Having endured the past four years, the Americans are entitled to enjoy – in Joe Biden – the prospect of a gentler, kinder and more thoughtful President. But we can also recognise that part of his appeal has been – as Kamala Harris herself said – his “audacity” in choosing her as his running mate, and the care he seems to have taken to ensure a trouble-free succession.

    What price President Harris in 2024?

    Bryan Gould 11 November 2020

  • He’s Gone

    So, despite false claims of voter fraud and rigged elections (a strategy for which he had prepared the ground before the polls opened); despite repeated recourse to the courts; despite his refusal to concede; and, despite his incitement of his supporters to violence, Donald Trump has joined the ranks of those whom he has in the past contemptuously disparaged as “suckers and losers”.

    The American people have at last come to their senses, and pulled their country back from the brink – back from becoming a “failed state”. A malignancy has been cut out of their body politic; it is now Joe Biden’s task to restore it to full health.

    But Trump’s defeat still leaves the question as to how so many Americans supported such a dangerous charlatan and would-be autocrat. The answer is perhaps easier to discern than it may seem.

    One of the weaknesses of democracies is that voters can too easily see party politics as akin to a team sport, and see themselves as players in and supporters of their team, so that they close their eyes to any malfeasance by “their” man. Republicans – as long as Trump bore the label “Republican” – were unwilling to disown him, however insupportable his words and actions.

    And, he had the support of an openly partisan, Rupert Murdoch-owned media, who took his side, no matter what. For Fox News viewers, the nation-wide celebrations at Trump’s defeat would have come as surprising evidence of the unsuspected depth of his unpopularity.

    And, voters in democracies are susceptible to “personality” politics – and no society is more susceptible in this regard than the American. Their culture is one that has grown up with, and derives its values from, what they see on their television screens. They are accustomed to watching supermen, heroes and celebrities – and Donald Trump offered them an instantly recognisable and even exciting image and a larger-than-life personality.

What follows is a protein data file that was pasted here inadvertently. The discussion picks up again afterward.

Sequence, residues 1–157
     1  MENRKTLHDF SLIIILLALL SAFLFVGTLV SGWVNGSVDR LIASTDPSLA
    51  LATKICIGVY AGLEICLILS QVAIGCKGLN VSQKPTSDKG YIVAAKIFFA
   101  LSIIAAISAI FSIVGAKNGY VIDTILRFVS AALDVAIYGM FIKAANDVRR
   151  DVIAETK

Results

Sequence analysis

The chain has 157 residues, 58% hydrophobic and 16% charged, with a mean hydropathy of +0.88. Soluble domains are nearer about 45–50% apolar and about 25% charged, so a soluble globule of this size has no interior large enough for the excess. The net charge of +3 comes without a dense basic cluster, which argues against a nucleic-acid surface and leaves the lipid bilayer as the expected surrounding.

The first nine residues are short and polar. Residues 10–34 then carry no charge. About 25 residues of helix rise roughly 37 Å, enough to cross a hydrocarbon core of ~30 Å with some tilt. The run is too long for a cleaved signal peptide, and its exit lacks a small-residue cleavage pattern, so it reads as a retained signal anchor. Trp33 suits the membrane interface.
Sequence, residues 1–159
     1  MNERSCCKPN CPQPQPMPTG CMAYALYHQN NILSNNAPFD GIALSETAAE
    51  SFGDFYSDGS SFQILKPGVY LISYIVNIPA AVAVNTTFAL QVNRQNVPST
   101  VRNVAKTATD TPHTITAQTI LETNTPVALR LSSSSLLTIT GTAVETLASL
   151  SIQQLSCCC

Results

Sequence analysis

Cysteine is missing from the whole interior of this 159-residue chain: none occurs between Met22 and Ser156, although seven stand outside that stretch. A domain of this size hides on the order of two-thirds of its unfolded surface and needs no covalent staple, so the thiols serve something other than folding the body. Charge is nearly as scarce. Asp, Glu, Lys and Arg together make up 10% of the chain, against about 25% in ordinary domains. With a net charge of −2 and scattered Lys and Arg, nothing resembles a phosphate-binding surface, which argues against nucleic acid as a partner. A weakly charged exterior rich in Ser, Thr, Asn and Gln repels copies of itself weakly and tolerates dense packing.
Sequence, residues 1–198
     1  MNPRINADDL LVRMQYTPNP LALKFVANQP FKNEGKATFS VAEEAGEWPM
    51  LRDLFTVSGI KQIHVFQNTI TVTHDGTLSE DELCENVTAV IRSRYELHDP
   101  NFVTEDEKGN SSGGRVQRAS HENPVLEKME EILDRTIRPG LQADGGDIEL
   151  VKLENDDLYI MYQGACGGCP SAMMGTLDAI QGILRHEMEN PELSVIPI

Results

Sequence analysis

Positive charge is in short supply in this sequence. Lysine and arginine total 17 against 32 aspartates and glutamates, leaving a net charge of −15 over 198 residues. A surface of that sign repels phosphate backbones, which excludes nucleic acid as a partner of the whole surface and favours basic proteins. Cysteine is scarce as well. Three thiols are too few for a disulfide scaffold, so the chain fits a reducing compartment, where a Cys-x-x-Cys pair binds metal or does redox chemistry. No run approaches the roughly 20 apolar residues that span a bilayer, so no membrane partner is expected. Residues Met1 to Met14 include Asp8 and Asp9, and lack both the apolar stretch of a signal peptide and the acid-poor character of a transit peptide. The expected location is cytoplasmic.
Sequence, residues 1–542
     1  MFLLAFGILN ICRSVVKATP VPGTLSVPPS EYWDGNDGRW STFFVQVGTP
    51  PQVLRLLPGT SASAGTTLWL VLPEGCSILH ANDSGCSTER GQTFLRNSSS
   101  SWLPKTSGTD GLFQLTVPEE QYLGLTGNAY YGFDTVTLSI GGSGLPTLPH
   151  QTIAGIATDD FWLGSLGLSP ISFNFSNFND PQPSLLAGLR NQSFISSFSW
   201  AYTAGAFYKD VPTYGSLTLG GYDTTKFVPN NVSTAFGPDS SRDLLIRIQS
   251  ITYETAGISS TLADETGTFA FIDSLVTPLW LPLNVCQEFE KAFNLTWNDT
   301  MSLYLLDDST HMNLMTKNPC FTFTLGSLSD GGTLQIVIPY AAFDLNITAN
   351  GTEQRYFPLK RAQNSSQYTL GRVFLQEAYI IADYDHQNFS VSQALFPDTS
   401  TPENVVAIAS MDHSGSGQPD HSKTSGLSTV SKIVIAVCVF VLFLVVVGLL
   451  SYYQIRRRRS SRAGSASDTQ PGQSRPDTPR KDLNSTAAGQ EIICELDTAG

And Trump had a further advantage – he had originally introduced himself to the American public as a television personality, through hosting the television show “The Apprentice”. He had already entered their homes as a familiar and friendly face, apparently authoritative and successful, long before he became a politician.

    The USA is, of course, not the only country to experience “personality” politics. Boris Johnson in the UK was, arguably, a beneficiary of the same syndrome – and we might, at a stretch, regard our own election in a similar light. Jacinda Ardern is of course a far more estimable personality than Trump or Johnson, but who can doubt that her landslide victory owed much to her “star” quality?

    No other world leader, though, can match Trump for sheer vanity and narcissism. Who can forget the pleasure he showed when he recently declared that he was the most famous person in the world, conceding only that he might have to accept second place behind Jesus Christ.

    The irony is that Trump seems not to realise that the platform afforded to him as President has not enhanced his standing and reputation. Quite the reverse – it has instead simply ensured that his failings and weaknesses have been given global publicity. He has been reviled and scorned in every corner of the globe.

    If he had not entered politics, he might still be regarded as just another (supposedly) successful businessman and entertaining television personality. He would have avoided the spotlight which has revealed – to the world’s horrified scrutiny – all his reprehensible qualities and inadequacies.

    The question now is how much influence he and his acolytes will wield in the post-Trump era. His self-image, after all, demands that he convinces his “base” that he was not legitimately defeated, whatever the election outcome, so that they still believe whatever he tells them. Will he set out to encourage them to frustrate Joe Biden’s task of rebuilding and uniting American society?

    The rejection of Trump (the right description of an election when Trump was the only issue) at least offers some hope. The margin may have been a slim one, but a significant majority of Americans rejected the politics of division and prejudice.

    History will judge Trump harshly. Let us hope that we won’t hear from him again. Long live democracy!

    Bryan Gould
    10 November 2020